Hello, and welcome once again to Replay, WIRED’s twice-monthly column about everything happening in the world of video games. Welp, it’s been a heck of a November so far, hasn’t it? Compared to ::gestures broadly in all directions:: everything else going on in the world, things have been fairly quiet on the gaming front over the past couple of weeks. But there’s still plenty to catch up on. Here’s everything you need to know.
Ubisoft to Remove Helen Lewis’ Voice From Watch Dogs: Legion
Upon release, some players were concerned to hear journalist Helen Lewis’ voice in Watch Dogs: Legion‘s in-game podcasts. The reason for that concern, as outlined by Kotaku here, is that Lewis has a reputation among trans people for being, well, transphobic. Specifically, she wrote an op-ed in The Times which said “a man can’t just say he has turned into a woman,” in an effort to criticize legislation that would have made gender transitioning in the United Kingdom an easier prospect. In that same editorial, Lewis also said, “What the government proposes is a radical rewriting of our understanding of identity: Now it’s a question of an internal essence—a soul, if you will. Being a woman or a man is now entirely in your head.” Generally speaking, statements like these are a means of essentializing and denigrating the gender identities of transgender people, and specifically are rhetorical tactics used by many transphobes on the left—often called “trans-exclusionary radical feminists”—to cast doubt on the case for trans rights.
In response to complaints, Ubisoft issued a statement distancing itself from Lewis, who writes for The Atlantic and brings her gender-critical opinions with her. “The development team worked with an external producer to select speaker profiles for these podcasts and were not aware of the controversy at the time of booking or recording. While the in-game podcasters are following a preapproved script and are not speaking in their own name or with their own opinions, we understand this collaboration itself may be seen as offensive and we deeply regret any hurt this has caused,” the company told Kotaku. “In response, we will be replacing these two podcast episodes in an upcoming update and will reinforce our background checks for partners in the future.”
This is the problem when you fail to vet contributors to your products for offensive views: They end up having offensive views, alienating potential audiences and anyone with good taste. If companies like Ubisoft want to show that they support trans people, they’re going to have to work a little harder.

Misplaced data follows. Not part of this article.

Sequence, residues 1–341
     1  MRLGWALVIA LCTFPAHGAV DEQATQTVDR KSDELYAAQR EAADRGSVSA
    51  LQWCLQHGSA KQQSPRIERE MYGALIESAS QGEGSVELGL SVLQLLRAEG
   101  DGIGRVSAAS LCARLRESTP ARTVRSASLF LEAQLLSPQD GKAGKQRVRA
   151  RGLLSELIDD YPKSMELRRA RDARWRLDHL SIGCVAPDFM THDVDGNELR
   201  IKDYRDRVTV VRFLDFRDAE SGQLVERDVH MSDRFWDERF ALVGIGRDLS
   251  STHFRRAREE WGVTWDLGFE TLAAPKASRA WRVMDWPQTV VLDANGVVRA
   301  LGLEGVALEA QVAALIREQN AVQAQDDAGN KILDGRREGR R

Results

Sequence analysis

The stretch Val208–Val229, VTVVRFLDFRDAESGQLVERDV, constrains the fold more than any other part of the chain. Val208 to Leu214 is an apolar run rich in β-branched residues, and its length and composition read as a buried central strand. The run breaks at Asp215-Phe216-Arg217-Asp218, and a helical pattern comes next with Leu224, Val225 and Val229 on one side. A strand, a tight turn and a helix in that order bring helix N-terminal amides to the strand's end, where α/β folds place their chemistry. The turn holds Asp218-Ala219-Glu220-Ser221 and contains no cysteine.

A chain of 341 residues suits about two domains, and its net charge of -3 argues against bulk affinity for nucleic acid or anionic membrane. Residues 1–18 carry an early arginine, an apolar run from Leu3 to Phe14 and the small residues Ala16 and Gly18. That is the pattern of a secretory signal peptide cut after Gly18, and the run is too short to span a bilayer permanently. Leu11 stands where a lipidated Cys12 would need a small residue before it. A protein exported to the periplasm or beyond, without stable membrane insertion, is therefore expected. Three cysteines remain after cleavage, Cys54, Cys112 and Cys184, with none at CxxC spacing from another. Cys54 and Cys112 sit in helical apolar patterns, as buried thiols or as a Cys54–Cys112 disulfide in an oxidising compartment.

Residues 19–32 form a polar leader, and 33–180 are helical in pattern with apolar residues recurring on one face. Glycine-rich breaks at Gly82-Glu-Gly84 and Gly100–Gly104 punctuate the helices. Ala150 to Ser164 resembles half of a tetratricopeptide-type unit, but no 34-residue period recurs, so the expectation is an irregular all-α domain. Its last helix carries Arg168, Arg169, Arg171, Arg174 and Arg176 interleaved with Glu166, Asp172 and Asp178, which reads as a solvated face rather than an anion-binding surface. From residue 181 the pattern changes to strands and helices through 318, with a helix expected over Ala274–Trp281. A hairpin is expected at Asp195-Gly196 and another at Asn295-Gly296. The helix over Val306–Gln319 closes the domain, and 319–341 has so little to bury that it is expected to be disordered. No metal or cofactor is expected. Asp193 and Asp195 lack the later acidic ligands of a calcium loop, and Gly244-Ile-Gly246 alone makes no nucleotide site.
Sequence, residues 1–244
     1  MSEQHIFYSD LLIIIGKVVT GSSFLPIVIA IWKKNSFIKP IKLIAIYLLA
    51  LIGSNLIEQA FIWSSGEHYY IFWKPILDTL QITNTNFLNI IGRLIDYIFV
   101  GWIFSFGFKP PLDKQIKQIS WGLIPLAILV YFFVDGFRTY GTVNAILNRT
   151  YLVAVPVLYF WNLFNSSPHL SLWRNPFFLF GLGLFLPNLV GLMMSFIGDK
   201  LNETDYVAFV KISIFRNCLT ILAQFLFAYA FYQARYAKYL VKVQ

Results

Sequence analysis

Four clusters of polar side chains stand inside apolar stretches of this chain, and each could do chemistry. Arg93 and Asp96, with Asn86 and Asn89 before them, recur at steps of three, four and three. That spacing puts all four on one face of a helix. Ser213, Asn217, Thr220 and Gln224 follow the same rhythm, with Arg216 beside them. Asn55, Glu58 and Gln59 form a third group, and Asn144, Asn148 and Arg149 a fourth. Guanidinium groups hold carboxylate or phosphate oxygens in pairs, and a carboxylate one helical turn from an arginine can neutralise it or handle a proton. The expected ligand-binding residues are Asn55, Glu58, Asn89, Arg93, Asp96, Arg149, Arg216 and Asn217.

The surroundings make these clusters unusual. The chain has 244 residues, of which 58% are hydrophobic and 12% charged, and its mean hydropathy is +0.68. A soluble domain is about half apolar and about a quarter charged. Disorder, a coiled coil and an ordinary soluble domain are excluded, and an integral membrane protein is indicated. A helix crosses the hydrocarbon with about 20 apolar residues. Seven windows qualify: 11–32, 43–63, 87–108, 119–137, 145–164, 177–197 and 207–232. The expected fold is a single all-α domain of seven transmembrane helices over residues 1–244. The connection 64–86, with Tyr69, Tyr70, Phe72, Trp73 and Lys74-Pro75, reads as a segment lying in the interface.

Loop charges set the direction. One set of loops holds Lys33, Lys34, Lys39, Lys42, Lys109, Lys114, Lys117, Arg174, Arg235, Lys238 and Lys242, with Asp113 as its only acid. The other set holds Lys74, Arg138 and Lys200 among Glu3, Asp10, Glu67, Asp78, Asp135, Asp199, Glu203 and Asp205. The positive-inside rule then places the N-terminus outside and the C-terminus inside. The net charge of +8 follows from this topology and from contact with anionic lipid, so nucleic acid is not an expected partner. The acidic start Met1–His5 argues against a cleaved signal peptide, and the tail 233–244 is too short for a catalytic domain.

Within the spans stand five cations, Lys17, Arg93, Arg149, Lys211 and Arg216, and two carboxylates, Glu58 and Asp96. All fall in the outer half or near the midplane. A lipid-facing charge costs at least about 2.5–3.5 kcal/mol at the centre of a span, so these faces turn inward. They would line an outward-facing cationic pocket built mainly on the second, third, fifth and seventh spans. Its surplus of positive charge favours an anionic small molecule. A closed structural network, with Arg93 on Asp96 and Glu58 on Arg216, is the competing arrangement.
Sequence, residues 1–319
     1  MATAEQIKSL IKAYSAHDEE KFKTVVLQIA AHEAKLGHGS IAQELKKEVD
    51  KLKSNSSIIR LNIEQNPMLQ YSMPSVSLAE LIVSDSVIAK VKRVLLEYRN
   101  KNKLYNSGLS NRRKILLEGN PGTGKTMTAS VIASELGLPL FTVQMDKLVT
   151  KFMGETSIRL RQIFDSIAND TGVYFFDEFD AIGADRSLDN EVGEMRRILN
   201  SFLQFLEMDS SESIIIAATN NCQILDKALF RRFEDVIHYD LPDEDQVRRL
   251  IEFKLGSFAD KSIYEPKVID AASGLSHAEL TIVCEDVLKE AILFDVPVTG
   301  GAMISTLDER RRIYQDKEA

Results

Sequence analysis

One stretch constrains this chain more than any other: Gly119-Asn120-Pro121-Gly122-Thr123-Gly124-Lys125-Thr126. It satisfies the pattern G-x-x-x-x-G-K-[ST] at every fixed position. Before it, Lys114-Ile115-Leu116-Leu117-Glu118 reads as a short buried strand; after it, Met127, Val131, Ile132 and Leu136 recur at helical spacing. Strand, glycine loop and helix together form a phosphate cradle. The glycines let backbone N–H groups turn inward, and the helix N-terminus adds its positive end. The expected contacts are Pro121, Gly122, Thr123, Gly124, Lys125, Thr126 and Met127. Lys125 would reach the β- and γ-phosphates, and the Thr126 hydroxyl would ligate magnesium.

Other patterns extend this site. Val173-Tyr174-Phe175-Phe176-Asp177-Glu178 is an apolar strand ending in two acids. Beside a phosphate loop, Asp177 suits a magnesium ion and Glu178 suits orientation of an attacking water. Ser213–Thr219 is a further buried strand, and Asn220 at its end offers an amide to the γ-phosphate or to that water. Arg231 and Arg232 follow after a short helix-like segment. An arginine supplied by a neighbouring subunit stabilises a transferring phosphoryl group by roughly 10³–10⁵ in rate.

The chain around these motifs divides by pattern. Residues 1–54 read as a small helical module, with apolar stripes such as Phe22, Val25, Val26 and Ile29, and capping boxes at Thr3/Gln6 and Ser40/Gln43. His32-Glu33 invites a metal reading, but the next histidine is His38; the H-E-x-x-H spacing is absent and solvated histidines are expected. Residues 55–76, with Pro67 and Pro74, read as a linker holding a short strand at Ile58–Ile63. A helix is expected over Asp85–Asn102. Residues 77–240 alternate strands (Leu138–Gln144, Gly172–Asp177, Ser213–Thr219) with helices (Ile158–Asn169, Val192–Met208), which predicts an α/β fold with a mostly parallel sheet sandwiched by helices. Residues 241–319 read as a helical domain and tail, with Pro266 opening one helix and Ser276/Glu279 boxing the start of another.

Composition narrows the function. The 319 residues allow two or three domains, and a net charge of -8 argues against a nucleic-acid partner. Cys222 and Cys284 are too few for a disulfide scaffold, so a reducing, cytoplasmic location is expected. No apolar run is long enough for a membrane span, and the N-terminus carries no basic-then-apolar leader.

Four Seasons Total Landscaping Is Now a Furry Hangout Spot in VRChat
As you might have heard if you were anywhere near the internet over the weekend, the Trump campaign held a press conference outside of a business called Four Seasons Total Landscaping in Philadelphia. What caught most people’s attention was that the location was next to an adult bookstore as well as a crematorium and was not, as many who heard the term “Four Seasons” might’ve presumed, in a hotel. But that, dear friends, is only the beginning of this tale. Following the now infamous press conference, YouTuber Coopertom recreated the whole Four Seasons Total Landscaping scene in VRChat, complete with Trump 2020 posters, and it has now become a hangout for virtual-reality furries.
In a delightful video on Twitter, Coopertom tours the site with a group of his furry friends, clowning around and reveling in the delight of victory. According to Coopertom, the map took five and a half hours to make, a bit longer than the press conference that made the meatspace location famous, but still pretty quick. We live in strange, strange times.
Apparently, the PlayStation 5 Could Have Been Even Bigger
The PlayStation 5, which is due out for an official release on November 12, is big. It’s very big. Like, it’s bigger than my 12-pound cat. The PlayStation 5 is bigger than the largest laptop I have ever owned. The PlayStation 5 is bigger than some toddlers. And it could have been even bigger, according to designer Yujin Morasawa, who talked recently about the console to The Washington Post.
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